For instance, the Report pointed out the benefit of both placing a rather small wealth tax on billionaires, and augmenting the ‘global minimum tax on multinational companies’ in terms of huge revenue potential as follows: ‘A key proposal is to institute a global minimum tax on billionaires, equal to 2% of their wealth. We provide a first estimation of the revenue potential of this measure, showing that it would raise close to $250 billion (from less than 3,000 individuals) annually. A strengthened global minimum tax on multinational companies, free of loopholes, would raise an additional $250 billion per year. To give a sense of the magnitudes involved, recent studies estimate that developing countries need $500 billion annually in additional public revenue to address the challenges of climate change – needs that could thus be fully addressed by the two main reforms we propose.’
In parallel to tax related initiatives needed to enhance fiscal space, and reining in austerity policies to reduce the burden of interest payments, in terms of both external and domestic debt, there is an urgent need to drastically increase both lending capacity of multilateral development banks (MDBs), and much greater allocation of IMF’s special drawing rights (SDRs), and over a number of years, given the depth of polycrisis, especially the existential threats.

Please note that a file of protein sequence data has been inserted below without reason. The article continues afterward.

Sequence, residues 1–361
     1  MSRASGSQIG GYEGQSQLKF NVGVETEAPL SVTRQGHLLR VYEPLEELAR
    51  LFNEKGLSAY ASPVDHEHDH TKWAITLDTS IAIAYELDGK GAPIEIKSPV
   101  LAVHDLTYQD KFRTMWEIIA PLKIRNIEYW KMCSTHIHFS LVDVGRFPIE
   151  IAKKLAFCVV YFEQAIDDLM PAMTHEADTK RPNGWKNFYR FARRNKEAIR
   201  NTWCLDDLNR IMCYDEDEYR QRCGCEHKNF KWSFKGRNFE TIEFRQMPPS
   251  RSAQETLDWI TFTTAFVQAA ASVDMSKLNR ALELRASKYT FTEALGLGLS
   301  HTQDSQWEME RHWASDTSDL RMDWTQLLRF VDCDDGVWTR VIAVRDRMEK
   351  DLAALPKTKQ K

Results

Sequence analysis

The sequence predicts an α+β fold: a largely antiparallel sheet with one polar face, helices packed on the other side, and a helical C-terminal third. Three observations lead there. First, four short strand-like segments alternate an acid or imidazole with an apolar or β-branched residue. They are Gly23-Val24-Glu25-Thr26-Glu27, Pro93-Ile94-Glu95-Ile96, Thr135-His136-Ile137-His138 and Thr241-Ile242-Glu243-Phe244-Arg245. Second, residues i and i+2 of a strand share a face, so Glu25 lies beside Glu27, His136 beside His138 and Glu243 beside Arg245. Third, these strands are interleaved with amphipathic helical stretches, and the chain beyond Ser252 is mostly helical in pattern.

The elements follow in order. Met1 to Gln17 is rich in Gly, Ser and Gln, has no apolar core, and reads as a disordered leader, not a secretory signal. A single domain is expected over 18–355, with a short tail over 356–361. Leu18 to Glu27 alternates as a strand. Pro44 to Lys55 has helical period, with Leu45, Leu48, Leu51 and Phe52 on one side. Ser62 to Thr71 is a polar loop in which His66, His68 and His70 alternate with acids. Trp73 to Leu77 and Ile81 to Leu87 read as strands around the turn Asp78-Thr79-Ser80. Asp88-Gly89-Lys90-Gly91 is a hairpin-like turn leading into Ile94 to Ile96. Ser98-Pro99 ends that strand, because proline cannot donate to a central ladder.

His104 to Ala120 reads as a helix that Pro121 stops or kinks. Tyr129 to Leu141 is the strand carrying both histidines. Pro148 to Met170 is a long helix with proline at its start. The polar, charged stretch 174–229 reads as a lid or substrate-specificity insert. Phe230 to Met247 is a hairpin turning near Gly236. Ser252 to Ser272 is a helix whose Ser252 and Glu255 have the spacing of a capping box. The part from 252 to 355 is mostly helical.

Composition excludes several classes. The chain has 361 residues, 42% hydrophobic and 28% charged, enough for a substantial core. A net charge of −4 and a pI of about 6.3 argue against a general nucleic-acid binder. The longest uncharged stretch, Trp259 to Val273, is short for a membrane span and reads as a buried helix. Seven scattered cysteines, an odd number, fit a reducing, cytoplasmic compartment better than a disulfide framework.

In the same article, for instance, Joseph E. Stiglitz not only challenged the neoliberal mantra that the government should mainly facilitate the private sector – where the writer of this article in Business Recorder believes, rather a balance needs to be brought in terms of public sector, MDBs, and the private sector all playing meaningful part in implementing investment – but also called for greater SDR allocation.